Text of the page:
A Miscellany of Men seems at first to be as random a gathering as the title suggests. In it you will find rapturous, poetic descriptions of fire and rain, of spring, of Gothic architecture, of soldiers praying in a church. You will find the Chesterton wit and charm and gentle satire. But you will also find hard-hitting controversy. And you will also find a distinct thread that ties it all together.
The book was first published in 1912, and the essays, which first appeared in the Daily News, often refer to current events and personalities from the early 20th century: coal strikes and railway strikes, game laws, women’s suffrage, and British Imperialism. In most cases, the essays are simply perfect, with little or no explanation needed of the historical references; in some cases it might be helpful to know who Cecil Rhodes is or what the Licensing Bill is; and sometimes the subsequent essay further explains what comes before it. But in every case the larger point being made is very clear and is not tied to a time and place – unless it is our time and place. Chesterton’s mere observations of an event, whether in a headline or outside his window could be expounded upon into huge timely treatises. It is because truth has ramifications. And because it is true. That is why we can still read these pieces with edification. And also with a kind of thrill. Seldom can newspaper essays survive reprinting in a book. More seldom still can they survive multiple re-printings. Especially after almost a century. (This book will be back in print again this year, from IHS Press.)
The old controversies are still relevant. But each question points to a larger question. How do we assure the dignity and basic rights of the laborer? For whom does he labor: himself or some remote rich man? Does voting make any difference when our choices are so limited, when the choices themselves are not our choices but someone else’s? What is the nature of real democracy? And underneath it all, what is the religious truth that informs these political questions? Can we ever separate religion from politics? Can we separate religion from anything?
Since the answer to the last question is, “No,” then we have to start asking about political and economic justice in light of our religious beliefs. The irony is that the very people who want to keep religion out of politics are the ones who claim to be so concerned about rights and liberties. But as Chesterton points out, rights and liberties can only be justified by religious doctrine. It is a higher authority that makes us free. “Authority is necessary for nothing so much as for the granting of liberties.” And as for the tired objection about “tolerance,” Chesterton answers, “A nation with a root religion will be tolerant. A nation with no religion will be bigoted.”
Chesterton is a great believer in democracy. He is against the rule by the few, whether it be the official few, the rich few, the intellectual few, or the artistic few. And he puts each of those few in their place: from officials who deprive the common man of his liberty but provide none of his needs, to artistic and intellectual snobs who sneer at the common man for not appreciating or understanding bizarre ideas and empty art.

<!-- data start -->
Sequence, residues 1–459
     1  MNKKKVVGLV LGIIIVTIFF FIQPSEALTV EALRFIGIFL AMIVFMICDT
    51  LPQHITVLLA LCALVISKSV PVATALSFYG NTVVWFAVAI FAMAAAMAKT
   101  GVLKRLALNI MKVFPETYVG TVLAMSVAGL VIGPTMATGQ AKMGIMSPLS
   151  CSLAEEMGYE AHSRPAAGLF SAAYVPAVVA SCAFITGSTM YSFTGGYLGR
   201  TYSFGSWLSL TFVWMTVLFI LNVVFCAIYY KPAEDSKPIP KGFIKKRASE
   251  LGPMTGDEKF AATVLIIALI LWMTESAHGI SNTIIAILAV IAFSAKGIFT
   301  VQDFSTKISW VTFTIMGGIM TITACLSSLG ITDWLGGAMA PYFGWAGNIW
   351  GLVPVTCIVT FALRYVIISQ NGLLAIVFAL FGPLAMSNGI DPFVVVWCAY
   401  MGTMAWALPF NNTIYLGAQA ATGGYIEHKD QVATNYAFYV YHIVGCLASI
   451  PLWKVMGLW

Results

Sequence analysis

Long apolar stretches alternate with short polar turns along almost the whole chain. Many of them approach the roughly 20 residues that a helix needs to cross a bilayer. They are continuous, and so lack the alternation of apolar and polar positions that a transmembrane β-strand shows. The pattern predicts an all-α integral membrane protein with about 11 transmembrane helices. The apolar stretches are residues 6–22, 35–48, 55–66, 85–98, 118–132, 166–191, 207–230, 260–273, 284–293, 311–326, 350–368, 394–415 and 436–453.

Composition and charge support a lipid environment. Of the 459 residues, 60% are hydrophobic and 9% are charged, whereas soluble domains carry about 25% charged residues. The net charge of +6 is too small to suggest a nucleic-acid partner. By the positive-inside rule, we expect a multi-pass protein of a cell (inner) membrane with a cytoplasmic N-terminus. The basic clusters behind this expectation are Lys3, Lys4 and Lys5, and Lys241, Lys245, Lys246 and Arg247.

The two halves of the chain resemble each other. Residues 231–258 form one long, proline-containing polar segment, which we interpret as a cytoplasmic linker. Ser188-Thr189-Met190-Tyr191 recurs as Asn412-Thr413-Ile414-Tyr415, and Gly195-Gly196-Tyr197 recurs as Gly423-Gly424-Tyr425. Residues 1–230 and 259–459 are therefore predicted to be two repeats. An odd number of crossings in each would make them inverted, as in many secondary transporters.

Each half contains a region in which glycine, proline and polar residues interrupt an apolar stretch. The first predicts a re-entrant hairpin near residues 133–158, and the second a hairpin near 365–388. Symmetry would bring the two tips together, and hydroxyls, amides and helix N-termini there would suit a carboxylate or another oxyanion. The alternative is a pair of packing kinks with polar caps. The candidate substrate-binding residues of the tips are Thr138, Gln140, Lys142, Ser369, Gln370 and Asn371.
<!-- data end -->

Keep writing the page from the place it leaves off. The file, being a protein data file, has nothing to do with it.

But if Chesterton is such a great believer in democracy, how is it then, that he can argue against women having the vote?
Because voting is not democracy.
Self-government, he argues, is not “the notion that the ordinary citizen is to be consulted as one consults an Encyclopaedia.” It is not that each man is there “to be asked a lot of fancy questions, to see how he answers them.” It is that the common man is to be the master of his own life. And, as if to predict political correctness, he says,
And in case the word “man” be misunderstood, I may remark that in this moral atmosphere, this original soul of self-government, the women always have quite as much influence as the men.
The problem is that in today’s political atmosphere, “neither the men nor the women have any influence at all.” Even though we doubt the state’s legitimate authority, we continue to hand greater powers to it all the time. The state gives birth to fantastic and foolish laws, and we have lost our power even to be astonished at them. Chesterton warns, prophetically, “ whenever we see things done wildly, but taken tamely, then the State is growing insane.” We are letting officials and experts “immure any one’s body, damn any one’s soul, and dispose of unborn generations.” (This is one of several eerie and accurate visions of abortion in this book.)
Though he believes in democracy, Chesterton also understands that there is something about Christendom that even goes beyond democracy, something almost “too deep to be defined” because it involves “the special defence of a minority or an individual. It will often leave the ninety-and-nine in the wilderness and go after that which is lost.” It is historic and living Christianity, going against the fashions and trends, that still represents the best hope for mankind. The enemies to freedom are many, but one of the most dangerous is the New Theologian who wants to do away with doctrine, who is liberal in his theology but in nothing else, whose real idea of religious tolerance really consists of all believers “respecting each others’ unbelief.”
“Christendom” says Chesterton, “will continue to suffer all the disadvantages of being Christian,” and the New Theologians, rather than trying to alter Christianity, must themselves be altered. With their present attitude, “they will never find rest.” And if they refuse to change and refuse to acknowledge that they cannot change Christianity, Chesterton offers them one other surprisingly succinct choice: “chuck it.”
The old controversies are still controversial.